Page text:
Nestled in a valley surrounded on three sides by the massive Tien Shan mountains, Almaty sits huddled in the south east corner of the largest of the central Asian countries, Kazakhstan. Oil and gas companies, their support services, foreign embassies, restaurants, neon lights, discotheques and nightclubs crowd the city.
Almaty, Kazakhstan Centre for Business
Eleven years ago, one would have had to search hard to find Almaty’s only mosque. Seventy years of communism had ensured that the bulk of Kazakhstan’s Muslim background population identified themselves as Soviet citizens first. Today the old mud brick building has been replaced by a huge concrete structure, capped with blue domes, at least 5 times the size of the former mosque. New mosques are appearing on street corners in nearly every suburb. The majority of the city’s Muslims are Kazakhs whose ancestors were nomadic herdsmen converting from shamanism to Islam in the 16th century. The Kazakhs live among other Muslim ethnic groups who are traditionally stricter adherents of their Muslim faith from surrounding nations.
The city of Almaty began in the 1800′s as the Russian fort town of Verney. It was renamed Alma Ata around the turn of the century and was the capitol of the Soviet Republic of Kazakhstan. Since the late 1990′s Astana in the north has been given the role of capital, but Almaty remains the centre of business, culture and social life.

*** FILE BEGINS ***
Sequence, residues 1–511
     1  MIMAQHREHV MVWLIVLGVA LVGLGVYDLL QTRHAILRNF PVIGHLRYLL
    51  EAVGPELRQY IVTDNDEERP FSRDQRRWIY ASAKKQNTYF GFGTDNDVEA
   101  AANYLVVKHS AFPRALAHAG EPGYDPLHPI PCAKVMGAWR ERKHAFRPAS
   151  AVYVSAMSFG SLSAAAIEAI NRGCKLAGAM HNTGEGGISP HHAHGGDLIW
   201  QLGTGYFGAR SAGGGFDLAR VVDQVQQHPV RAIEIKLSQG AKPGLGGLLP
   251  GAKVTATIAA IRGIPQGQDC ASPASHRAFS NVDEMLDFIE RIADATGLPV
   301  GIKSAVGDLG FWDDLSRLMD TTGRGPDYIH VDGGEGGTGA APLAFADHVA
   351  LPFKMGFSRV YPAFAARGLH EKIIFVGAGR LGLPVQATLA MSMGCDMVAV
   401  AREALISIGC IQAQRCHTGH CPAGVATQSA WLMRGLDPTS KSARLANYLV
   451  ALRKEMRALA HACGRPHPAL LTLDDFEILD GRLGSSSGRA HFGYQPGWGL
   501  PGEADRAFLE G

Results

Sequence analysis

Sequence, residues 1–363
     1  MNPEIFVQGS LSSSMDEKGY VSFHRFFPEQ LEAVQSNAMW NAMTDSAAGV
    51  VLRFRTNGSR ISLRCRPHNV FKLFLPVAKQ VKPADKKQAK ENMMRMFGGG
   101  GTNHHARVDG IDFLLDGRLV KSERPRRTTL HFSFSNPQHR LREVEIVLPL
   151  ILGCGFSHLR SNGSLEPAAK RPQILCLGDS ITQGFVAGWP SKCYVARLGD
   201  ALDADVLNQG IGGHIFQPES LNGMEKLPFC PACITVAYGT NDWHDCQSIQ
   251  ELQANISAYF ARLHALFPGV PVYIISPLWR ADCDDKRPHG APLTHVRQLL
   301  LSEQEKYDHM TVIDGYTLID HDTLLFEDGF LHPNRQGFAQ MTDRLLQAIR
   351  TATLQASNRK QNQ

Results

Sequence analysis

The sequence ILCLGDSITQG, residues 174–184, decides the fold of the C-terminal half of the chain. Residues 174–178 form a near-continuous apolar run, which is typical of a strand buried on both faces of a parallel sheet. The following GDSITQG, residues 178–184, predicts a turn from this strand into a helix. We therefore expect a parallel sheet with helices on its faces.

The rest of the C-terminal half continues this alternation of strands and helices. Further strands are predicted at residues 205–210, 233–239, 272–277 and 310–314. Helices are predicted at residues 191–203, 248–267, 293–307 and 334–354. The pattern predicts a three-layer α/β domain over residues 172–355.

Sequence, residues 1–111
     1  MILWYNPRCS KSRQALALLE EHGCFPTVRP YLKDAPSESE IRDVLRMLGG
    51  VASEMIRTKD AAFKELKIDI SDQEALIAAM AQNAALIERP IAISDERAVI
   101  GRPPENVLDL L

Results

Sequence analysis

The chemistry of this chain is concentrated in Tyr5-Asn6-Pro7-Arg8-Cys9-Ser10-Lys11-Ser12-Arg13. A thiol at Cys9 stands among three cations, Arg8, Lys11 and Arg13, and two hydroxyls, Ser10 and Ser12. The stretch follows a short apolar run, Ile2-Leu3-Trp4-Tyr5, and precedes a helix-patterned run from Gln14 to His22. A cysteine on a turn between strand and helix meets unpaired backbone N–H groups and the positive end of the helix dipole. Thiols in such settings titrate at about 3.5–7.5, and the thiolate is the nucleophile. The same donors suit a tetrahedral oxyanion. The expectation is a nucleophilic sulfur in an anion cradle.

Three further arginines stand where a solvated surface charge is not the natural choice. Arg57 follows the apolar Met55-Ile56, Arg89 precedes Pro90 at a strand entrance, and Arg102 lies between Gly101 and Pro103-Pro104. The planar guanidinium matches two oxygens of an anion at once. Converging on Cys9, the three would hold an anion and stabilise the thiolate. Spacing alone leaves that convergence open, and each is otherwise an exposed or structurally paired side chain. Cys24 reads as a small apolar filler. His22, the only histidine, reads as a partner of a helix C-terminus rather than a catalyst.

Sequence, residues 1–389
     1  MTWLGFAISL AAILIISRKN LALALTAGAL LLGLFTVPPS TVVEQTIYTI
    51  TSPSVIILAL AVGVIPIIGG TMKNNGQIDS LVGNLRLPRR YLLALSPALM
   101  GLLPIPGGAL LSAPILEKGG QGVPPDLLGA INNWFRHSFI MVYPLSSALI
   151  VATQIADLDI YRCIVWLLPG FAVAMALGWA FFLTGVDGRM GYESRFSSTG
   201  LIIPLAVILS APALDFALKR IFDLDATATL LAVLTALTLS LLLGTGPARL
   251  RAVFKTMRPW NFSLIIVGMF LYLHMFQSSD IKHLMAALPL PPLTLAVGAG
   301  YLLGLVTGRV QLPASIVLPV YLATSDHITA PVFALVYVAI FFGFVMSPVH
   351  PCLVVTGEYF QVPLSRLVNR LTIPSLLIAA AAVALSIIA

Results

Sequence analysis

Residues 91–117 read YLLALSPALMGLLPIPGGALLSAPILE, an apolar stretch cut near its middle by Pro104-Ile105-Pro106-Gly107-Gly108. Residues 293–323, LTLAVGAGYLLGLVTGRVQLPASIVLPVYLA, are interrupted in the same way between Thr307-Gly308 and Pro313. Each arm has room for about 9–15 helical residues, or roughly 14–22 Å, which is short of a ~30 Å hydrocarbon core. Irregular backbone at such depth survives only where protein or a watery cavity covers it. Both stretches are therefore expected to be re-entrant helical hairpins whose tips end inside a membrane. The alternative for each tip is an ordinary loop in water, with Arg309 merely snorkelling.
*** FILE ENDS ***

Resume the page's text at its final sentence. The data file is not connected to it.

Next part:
Almaty, Kazakhstan Culture
The city born Muslim population is often educated in Russian language, atheistic and is more comfortable in European culture. This population has had to make room in the last 11 years for an influx of a wave of rural Kazakh and other Muslim ethnic groups coming to the city seeking jobs and a better life. These new immigrants are more likely to be poor, less educated, speak Kazakh rather than Russian, hold more firmly to Folk Islamic beliefs and find little in common with their city neighbours.
The newly emerging local church as well as protestant evangelical missionary activity has increased 100 fold since the doors to the city opened for evangelism in early 90′s. The activity of some non-traditional religious groups is seen as a threat to the relative peace and stability of this secular city. New religious laws have led to the closing and outlawing of many mosques and churches as well as deportation of missionaries.
Pray for the Muslims in Kazakhstan:
* For the preservation of the relative religious freedom and in Almaty. The relative anonymity of city life provides opportunities for evangelism, discipleship and training of Muslim background believers (The close knit relationships of smaller towns often hinder church and missionary activities).
* That Almaty will grow to be a centre for the training and sending city of Muslim background missionaries into the surrounding Central Asian Muslim nations, other Muslim nations and China.
* That believers will serve the needs of the new wave of unemployed, displaced and poor people flooding the city looking for hope and a new beginning (Jeremiah 29:7).